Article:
organizing, leading, and controlling activities have existed for
thousands of years.
E.g.The Egyptian Pyramids and the Great wall of China.
Another example is of Roman Catholic Church. Its highest
authority is Pope. They have followed a simple hierarchy that has
remained unchanged for almost two thousand years.
Thus management has been practiced for a long time!
PRE-SCIENTIFIC MANAGEMENT
Adam Smith (18th century economist)
 Observed
that firms manufactured pins in
one of two different ways:
 Craft-style—each
worker did all steps.
 Production—each worker specialized in one step.
Thus introduced the concept of division of labor : The
breakdown of jobs into narrow, repetitive tasks.
o The most important pre-twentieth-century influence on
management was the industrial revolution. Machine power was
rapidly substituted for human power.
o The advent of machine power combined with division of labor
was leading to mass production.
o Managers were needed to forecast demand, coordinate various
activities, maintenance of machinery, and so forth.
The Scientific Management School
Scientific Management Theory:
Body of principles that addresses the
efficiency of workers
Father of Scientific ManagementF.W.Taylor
(1856-1915)
TAYLOR’S PRINCIPLES:
1. The development of a true science of work.
- work study, with an acute emphasis on job
specialisation.
- emphasis on performance-related pay.
2. The scientific selection and development of the worker.
3. The bringing together of the science of work and the
scientifically selected & trained workers.
4. The constant and close co-operation of management and men
- specialization.
- the removal of conflict.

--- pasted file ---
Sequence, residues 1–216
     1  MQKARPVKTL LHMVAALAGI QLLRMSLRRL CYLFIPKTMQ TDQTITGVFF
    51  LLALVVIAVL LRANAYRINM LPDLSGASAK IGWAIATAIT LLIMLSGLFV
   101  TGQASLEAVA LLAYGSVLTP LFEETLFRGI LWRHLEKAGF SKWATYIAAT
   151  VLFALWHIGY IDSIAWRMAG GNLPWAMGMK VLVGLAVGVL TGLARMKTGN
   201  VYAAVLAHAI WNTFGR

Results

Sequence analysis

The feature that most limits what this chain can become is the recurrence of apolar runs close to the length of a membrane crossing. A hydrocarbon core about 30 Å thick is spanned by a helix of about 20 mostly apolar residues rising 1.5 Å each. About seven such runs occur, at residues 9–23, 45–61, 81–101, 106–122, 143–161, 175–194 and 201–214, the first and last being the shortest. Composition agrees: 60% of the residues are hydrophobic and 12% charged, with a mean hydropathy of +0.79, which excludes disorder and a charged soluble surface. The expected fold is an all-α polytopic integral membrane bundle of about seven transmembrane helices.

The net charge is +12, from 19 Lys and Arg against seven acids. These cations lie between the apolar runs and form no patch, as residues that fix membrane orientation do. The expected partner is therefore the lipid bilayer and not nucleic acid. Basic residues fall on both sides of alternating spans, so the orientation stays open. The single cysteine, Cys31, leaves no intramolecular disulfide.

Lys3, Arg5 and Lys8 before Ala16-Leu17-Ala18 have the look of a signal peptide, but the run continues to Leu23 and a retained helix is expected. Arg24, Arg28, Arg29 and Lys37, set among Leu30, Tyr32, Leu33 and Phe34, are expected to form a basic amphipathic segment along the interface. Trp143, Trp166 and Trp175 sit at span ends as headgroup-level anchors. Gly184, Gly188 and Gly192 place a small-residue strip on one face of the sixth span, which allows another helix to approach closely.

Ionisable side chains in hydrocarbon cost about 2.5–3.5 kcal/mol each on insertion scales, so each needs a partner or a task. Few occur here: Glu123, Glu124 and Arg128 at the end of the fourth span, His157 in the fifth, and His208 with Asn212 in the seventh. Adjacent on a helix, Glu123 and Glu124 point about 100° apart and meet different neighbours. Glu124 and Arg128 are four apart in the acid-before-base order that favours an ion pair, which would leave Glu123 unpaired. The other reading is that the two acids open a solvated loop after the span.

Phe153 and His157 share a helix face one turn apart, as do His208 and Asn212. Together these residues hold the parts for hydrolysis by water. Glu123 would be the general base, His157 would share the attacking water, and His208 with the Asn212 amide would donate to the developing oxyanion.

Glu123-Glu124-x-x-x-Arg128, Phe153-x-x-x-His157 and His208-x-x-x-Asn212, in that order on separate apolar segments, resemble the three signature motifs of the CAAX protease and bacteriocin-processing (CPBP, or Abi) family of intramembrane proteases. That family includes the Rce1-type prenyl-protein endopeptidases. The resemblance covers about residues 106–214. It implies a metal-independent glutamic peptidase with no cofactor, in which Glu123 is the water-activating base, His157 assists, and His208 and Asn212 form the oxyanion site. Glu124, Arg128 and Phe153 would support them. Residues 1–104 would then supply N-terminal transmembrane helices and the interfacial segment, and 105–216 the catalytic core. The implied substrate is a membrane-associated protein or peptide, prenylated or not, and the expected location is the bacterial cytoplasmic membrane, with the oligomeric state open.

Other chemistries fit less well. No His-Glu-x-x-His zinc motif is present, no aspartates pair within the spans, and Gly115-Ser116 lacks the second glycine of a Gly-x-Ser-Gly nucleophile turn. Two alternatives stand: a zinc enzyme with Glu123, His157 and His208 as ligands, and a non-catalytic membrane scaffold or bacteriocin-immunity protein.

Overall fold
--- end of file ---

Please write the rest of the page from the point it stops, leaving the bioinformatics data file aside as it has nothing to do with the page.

FUNCTIONAL MANAGEMENT
Also called administrative management; emphasizes on the
manager and functions of the management.
•Max Weber
Developed the concept of bureaucracy as a formal system
of organization and administration designed to ensure
efficiency and effectiveness.
•Henri Fayol
 First to systematize organization, using scientific forecasting
and proper method of management.Focus on formal organization
structure that separate basic process of general management.
Human Resources Approach
HAWTHORNE STUDIES:
•Elton Mayo and his colleagues conducted studies at Western
Electric’s Hawthorne Plant and began with an investigation to see
if different lighting affected workers’ productivity.
•The Hawthorne effect is an increase in worker productivity
produced by the psychological stimulus of being singled out and
made to feel important.
Abraham Maslow
He was a humanistic psychologist who proposed a hierarchy of
human needs: physiological needs, safety, social, esteem and selfactualization.
Maslow argued that each level in the hierarchy must be satisfied
before the next could be activated.
Douglas McGregor
He is best known for his formulation of two sets of assumptionsTheory X and Theory Y.
SYSTEMS APPROACH
A system is defined as a set of interrelated or interacting
elements.
Open System
continually
interacts with its
environment
Closed System has
little interaction with its
environment; it receives
very little feedback from
the outside
Organizations are open systems that constantly interact with the
external environment:
Inputs
The people, money,
information, equipment, and
materials required to produce
and organization’s goods or
services
Transformational Processes
The organization’s capabilities in
management and technology that are
applied to converting inputs to outputs
Outputs
The products, services, profits,
losses, employee satisfaction or
discontent, and the like that are
produced by the organization
Feedback
Information about the
reaction of the environment
to the outputs that affect
the inputs
Contingency Approach
There is no optimum way to structure organization. It is
dependent on upon the contingencies of the situation.
•Four popular contingency variables
–Organization size (coordination)
–Routine- ness of task technology (task complexity dictates
structure)
–Environmental uncertainty (change management)
–Individual differences (managerial styles , motivational
techniques, and job design)